When considering the merits of moving application workloads to an edge computing deployment, it’s necessary to look not just at technical considerations but also overall business drivers and benefits – particularly how those apply to a given organization, application, and user base.
At its simplest level, the business decision around where to place application workloads boils down to whether you are able to cost-effectively deliver the application experience your users expect. Is the edge the right place for this – for your business?
Also see: Top Edge Companies
Two Key Factors for Edge
For most organizations, the pandemic kicked digital transformation into overdrive. Businesses have shifted more of their user interactions and engagement to application workloads, and users now expect more from the applications they use. More features, more functionality, more responsiveness, more availability.
These expectations are only growing more demanding, thanks to the ubiquity of mobile and SaaS apps in day-to-day life, and these expectations will likely never reset. Organizations that haven’t come to grips with this new reality will inevitably fall behind.
Satisfying these user experience demands comes down to two key factors, application responsiveness and availability.
Among other factors, responsiveness is a function of latency, or how long it takes for data to transfer from one point on a network to another. According to a recent survey by Quadrant Strategies, 86% of C-suite executives and senior IT decision makers agree that low-latency applications help differentiate their organizations from the competition.
At the same time, 80% of respondents are concerned that high latency is impacting the quality of their applications. More than 60% of respondents further defined low latency for mission critical apps as 10 milliseconds or less.
Accounting for your user base and the latency they may experience is one of the biggest factors to consider when deploying an application to the edge. Once you’ve accounted for all of the other factors, the only way to improve latency is to physically move workloads and data closer to users – in other words, toward the edge.
The more geographically dispersed your user base, the more important this becomes. For a global user base, for instance, centralized cloud deployments quickly become untenable as workload scales; the only answer is edge deployment.
Availability is the other side of the experience coin, and unfortunately, any given network will inevitably go down, resulting in a steady stream of headlines about major cloud outages and frustrated users.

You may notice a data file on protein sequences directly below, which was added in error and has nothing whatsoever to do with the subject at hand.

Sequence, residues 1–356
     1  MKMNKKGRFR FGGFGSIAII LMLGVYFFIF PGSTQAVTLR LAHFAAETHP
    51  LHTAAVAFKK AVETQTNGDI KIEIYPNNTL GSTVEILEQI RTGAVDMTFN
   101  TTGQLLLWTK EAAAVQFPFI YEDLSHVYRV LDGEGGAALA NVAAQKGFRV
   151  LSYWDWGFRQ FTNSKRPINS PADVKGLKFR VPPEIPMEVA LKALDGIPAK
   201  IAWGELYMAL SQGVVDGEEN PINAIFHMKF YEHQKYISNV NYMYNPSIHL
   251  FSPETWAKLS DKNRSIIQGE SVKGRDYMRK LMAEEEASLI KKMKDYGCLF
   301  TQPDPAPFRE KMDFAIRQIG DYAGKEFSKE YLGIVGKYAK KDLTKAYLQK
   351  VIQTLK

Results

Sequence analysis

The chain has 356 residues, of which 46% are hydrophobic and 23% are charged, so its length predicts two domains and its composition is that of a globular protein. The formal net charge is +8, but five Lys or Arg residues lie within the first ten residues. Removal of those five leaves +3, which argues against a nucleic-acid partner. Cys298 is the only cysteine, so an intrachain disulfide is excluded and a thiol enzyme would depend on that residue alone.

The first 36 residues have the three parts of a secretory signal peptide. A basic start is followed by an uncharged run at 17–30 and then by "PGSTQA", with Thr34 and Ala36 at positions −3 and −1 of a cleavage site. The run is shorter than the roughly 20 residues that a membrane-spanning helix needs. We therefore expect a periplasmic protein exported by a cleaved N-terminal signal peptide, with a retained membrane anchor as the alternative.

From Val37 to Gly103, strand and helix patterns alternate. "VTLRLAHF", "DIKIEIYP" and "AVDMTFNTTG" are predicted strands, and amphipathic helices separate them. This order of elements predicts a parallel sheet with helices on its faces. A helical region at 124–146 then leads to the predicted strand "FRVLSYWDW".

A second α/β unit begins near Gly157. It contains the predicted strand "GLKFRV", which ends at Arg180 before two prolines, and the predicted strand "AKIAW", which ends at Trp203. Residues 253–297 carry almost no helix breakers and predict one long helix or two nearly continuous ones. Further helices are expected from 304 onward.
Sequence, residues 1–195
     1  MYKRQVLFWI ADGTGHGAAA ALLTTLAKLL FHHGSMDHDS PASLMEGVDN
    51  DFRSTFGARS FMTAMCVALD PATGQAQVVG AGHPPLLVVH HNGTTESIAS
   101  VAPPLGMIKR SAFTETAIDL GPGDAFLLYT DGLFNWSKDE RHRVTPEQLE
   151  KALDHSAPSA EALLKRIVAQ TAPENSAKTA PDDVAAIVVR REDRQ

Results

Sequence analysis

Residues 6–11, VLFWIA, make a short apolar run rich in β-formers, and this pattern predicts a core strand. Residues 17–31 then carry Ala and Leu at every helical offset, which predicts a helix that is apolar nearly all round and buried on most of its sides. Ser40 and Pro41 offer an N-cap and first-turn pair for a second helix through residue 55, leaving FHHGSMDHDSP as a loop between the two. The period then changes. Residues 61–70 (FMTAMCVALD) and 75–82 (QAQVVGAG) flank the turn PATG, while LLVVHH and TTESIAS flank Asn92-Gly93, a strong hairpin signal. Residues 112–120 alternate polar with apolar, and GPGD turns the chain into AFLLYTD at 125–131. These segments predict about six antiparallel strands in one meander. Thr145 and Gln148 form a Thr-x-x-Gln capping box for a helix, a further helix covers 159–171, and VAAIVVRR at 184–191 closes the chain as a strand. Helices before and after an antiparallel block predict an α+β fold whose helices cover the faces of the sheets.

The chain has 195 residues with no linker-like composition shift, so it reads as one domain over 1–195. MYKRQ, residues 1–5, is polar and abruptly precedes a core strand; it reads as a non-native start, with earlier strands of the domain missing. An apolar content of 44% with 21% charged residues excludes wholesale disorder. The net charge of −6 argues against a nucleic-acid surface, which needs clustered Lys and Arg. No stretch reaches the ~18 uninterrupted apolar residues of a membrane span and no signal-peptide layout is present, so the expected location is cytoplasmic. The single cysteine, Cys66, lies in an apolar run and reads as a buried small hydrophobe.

The way around this is to build in redundancy and resiliency for application workloads. Centralized cloud deployments have finite resilience, as they are dependent on that cloud provider. When the network experiences an outage, so do the applications.
Edge deployments, on the other hand, can readily work around this, provided that the deployment isn’t tied to a single network operator. Workloads must be broadly distributed across heterogeneous providers, so that if, or when, one goes down, the problem can be routed around to ensure continued application availability.
Also see: Top Cloud Companies
Edge Computing Cost Concerns
Determining how cost-effectively the expected experience can be delivered can quickly devolve into technical considerations around workload scalability, allocation of compute resources, network operations, workload isolation, and data compliance.
There are inevitable pros and cons to different deployment strategies that must be considered. However, all things being equal, the distributed edge beats centralized cloud every time.
Overall, there’s a solid case for considering a managed service for edge deployment; you get the benefit of edge deployment for your app workloads, without the added cost of managing or operating your own distributed network.
If you decide to go this direction, be sure to consider whether the edge provider requires new CI/CD (continuous integration and continuous delivery) workflows and proprietary tools to support deployments. While a proprietary approach takes away the responsibility of managing your own network, employing new workflows, tools, and processes can upend your current DevOps processes, leading to further workflow issues.
The Key Consideration for Edge
Many organizations are already rushing to modernize applications with multi-cluster Kubernetes deployments, and the edge is a natural extension of that strategy, delivering significant benefits in performance, scalability, resilience, isolation, and more.
The modern edge provides a significantly better application experience, but only if it can be simple and affordable to adopt. In other words, the key is for organizations to eliminate the challenge of deploying applications to the distributed edge while still maintaining their existing containerized environment and using familiar Kubernetes tooling.
In addition, organizations that can find ways to orchestrate and scale workloads to meet real-time traffic demand and ensure cost-effective low-latency responsiveness for users – no matter how many there are or where they’re located – are most likely to reap the rewards of the distributed edge.
In sum, the business case for edge computing is that the edge offers enormous advantages – as long it can be deployed relatively simply and efficiently.
About the Author:
Stewart McGrath, CEO of Section.